Google gives thumbs up to ChildFund’s online child protection work
ChildFund International Kenya has been awarded up to $100,000 by Google to further develop online child protection work in Kenya.
As part of Safer Internet Day this month Google recognised ChildFund’s work in preventing online sex trafficking which includes national research, training in communities, schools and media-based training and policy development. The funds will go toward internet safety for children.
Google’s philanthropic arm Google.org launched the $1,000,000 Africa Online Safety Fund on Safer Internet Day last year. The fund aims to tackle challenges related to hate, extremism, disinformation, and child safety, both online and offline in Africa.
This year’s fund was distributed across 26 organizations across nine countries in Sub-Saharan Africa, including ChildFund. The theme for this year’s Safer Internet Day (on February 9) was “together for a better internet" with Google announcing new programs, in partnership with other organisations, aimed at educating and developing programs to help more people keep safe while browsing the web.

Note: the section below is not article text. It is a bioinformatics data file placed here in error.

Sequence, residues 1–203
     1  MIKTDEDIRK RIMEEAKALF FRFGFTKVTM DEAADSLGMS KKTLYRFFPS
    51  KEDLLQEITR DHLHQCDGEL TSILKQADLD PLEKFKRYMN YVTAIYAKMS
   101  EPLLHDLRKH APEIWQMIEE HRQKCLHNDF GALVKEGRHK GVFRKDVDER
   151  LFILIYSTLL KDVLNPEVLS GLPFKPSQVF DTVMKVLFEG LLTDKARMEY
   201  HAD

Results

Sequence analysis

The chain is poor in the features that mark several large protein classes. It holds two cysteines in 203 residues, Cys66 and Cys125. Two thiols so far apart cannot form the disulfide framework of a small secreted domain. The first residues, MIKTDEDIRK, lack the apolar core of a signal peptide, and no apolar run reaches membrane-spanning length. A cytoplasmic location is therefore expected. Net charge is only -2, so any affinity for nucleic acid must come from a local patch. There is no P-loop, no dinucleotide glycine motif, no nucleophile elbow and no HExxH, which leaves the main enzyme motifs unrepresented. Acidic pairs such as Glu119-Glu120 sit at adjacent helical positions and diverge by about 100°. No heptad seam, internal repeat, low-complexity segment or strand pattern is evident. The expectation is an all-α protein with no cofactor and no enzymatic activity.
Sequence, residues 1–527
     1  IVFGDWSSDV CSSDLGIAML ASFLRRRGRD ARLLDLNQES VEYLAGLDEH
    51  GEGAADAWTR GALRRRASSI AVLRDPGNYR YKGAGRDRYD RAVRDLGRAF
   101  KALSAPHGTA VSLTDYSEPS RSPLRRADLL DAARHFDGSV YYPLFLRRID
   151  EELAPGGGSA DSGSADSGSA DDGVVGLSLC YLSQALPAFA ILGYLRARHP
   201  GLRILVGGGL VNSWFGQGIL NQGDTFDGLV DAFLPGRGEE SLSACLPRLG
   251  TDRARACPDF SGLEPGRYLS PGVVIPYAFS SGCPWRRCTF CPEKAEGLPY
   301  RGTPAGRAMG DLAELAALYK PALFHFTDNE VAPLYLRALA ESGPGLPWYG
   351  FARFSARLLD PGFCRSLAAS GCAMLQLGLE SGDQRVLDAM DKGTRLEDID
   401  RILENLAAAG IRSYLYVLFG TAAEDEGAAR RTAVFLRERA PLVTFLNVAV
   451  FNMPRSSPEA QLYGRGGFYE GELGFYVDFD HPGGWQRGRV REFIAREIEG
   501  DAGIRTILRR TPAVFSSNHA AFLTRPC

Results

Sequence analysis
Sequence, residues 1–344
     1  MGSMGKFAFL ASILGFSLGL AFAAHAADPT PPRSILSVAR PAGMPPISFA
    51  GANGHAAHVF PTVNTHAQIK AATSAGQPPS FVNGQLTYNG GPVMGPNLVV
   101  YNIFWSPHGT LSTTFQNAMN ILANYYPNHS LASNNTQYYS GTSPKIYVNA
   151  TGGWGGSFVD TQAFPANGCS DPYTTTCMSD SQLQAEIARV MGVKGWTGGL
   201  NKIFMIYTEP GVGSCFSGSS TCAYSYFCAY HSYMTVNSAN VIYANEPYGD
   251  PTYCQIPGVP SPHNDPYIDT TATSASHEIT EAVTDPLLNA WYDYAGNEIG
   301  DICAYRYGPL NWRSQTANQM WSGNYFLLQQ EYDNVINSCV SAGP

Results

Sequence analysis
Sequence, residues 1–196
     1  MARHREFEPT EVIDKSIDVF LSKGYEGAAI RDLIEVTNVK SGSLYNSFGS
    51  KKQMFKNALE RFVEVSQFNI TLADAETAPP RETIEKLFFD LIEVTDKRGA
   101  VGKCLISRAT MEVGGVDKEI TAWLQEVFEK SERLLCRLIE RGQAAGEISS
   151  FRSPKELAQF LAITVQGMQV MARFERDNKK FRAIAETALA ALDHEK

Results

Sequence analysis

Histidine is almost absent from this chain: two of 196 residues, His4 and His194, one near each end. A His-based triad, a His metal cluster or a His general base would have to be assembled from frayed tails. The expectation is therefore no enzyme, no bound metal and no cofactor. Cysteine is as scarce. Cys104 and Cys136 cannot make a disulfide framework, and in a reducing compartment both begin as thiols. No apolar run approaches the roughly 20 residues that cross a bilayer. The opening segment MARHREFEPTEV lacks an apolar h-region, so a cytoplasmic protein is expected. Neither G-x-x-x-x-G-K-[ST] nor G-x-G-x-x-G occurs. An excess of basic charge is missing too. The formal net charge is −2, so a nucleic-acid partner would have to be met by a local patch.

Google estimates that 346 million people came online for the first time in the last 12 months, and 376 million people have used social media for the first time during the same period. Google says “if there has ever been a moment to amplify the online safety efforts, it is now, we are committed to providing safe tools and resources to explore the digital world for both families and children.”
ChildFund New Zealand's Swipe Safe
ChildFund New Zealand supporters make possible an internet safety programme, Swipe Safe, in Cao Bang, Vietnam. It aims to empower young people to make the most of the online world but also educates them on internet risks and how to keep themselves safe. Parents and teachers also receive training. The programme runs in 37 schools in Vietnam including 11 schools in ChildFund New Zealand's dedicated community in Cao Bang.